Lotte Dalgaard Christensen

Cand.Scient.Pol, Ph.d.-studerende

Lotte Dalgaard Christensen


PhD project: The Nordic bioeconomy transition. Part of the NOWAGG project (New Nordic Ways to Green Growth, funded by Nordforsk)

University: Aarhus University

Department: department of environmental science,  SAMMI section (environmental social science)

Supervisor: Mikael Skou Andersen

Project term: November 1 2017 – October 31 2020

Master degree: Cand. Scient. in political science, Aarhus University. Specialization in international relations, comparative politics, game theory, and environmental sociology.


The Nordic countries are experiencing many challenges, such as geographically uneven economic development, ageing populations and loss of job opportunities in rural regions. In addition, current production structures and consumption behavior threaten to aggravate climate change, resource depletion, pollution and loss of biodiversity. A bioeconomy transition has been suggested as a way to mitigate these challenges, and biomass is already becoming a technologically viable replacement for oil and petrochemicals within many industrial sectors. However, there are still challenges in up-scaling these technologies.


The object of work package 3 in the NOWAGG project is to gain insights into financing challenges in relation to technologies for green and blue biomass utilization. Of special interest is whether up-scaling of bio-based technologies can contribute to the development of disadvantaged Nordic regions and ensure social, environmental and economic sustainability as envisioned in the Nordic bioeconomy strategy. The expectation that up-scaling can contribute to regional development rests on several assumptions. The aim of this PhD project is to gain a deeper understanding of the conditions under which some of these assumptions are true.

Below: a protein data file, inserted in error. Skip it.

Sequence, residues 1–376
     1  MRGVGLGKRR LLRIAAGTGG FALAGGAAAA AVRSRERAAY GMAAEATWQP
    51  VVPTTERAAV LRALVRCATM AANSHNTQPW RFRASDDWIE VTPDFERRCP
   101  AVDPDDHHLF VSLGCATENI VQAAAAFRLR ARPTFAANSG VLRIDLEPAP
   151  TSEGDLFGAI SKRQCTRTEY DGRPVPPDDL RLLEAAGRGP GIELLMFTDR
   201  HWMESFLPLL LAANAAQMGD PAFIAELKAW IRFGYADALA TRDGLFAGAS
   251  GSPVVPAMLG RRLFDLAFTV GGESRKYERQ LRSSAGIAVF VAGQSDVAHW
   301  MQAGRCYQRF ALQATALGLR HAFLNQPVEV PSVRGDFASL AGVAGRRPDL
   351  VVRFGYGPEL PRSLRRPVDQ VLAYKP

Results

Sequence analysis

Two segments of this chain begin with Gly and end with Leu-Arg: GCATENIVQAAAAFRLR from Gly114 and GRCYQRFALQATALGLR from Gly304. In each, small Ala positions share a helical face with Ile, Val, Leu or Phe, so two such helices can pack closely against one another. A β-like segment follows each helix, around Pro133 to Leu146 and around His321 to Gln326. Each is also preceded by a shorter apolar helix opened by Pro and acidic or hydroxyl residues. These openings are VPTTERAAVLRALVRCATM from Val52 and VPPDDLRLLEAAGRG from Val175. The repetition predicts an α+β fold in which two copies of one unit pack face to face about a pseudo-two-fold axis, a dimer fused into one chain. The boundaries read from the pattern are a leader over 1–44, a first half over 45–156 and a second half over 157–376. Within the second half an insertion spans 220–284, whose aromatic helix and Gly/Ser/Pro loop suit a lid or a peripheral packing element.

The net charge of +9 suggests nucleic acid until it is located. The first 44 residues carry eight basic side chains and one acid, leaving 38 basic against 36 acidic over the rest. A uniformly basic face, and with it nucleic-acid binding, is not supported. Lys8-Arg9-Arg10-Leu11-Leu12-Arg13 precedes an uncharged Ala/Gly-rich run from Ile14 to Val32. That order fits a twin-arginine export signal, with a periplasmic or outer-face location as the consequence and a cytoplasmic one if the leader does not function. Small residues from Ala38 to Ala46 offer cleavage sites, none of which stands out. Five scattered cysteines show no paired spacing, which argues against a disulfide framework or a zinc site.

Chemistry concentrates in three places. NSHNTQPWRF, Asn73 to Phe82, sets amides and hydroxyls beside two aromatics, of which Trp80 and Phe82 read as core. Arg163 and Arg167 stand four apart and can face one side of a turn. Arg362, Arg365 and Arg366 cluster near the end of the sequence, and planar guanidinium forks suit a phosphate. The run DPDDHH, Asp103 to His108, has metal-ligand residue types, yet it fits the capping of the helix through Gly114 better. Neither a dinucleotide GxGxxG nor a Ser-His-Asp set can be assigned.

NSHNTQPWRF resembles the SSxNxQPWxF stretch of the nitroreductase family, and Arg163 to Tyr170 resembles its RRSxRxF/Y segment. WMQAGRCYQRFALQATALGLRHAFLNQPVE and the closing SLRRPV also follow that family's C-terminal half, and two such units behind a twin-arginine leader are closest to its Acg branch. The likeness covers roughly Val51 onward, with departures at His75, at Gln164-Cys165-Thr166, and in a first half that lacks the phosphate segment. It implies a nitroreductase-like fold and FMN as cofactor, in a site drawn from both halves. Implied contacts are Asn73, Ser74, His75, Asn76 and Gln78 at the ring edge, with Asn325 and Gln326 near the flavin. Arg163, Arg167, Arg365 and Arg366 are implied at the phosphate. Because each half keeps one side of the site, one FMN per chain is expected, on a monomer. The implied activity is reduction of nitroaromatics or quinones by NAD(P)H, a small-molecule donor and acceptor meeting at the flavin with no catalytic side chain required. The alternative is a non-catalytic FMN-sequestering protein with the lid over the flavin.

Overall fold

Research outline:

The first paper provides a general perspective on the compatibility of various policy objectives in the Nordic bioeconomy strategy using fuzzy-set qualitative comparative analysis. The second paper examines whether seaweed cultivation can contribute to stable regional development in West Nordic countries through a process tracing analysis of Staples Trap mechanisms. The third paper uses game theoretic modeling to determine optimal response strategies that will enable the bioeconomy transition to reduce regional inequality. Paper four is a meta-methodological analysis discussing the promises and pitfalls of using set-theoretic methods in green transition studies.


  • Fridtjof Nansen Institute, Oslo Norway
  • iClimate Aarhus University Interdisciplinary Centre for Climate Change
  • Department of Agroecology, system section, Aarhus University

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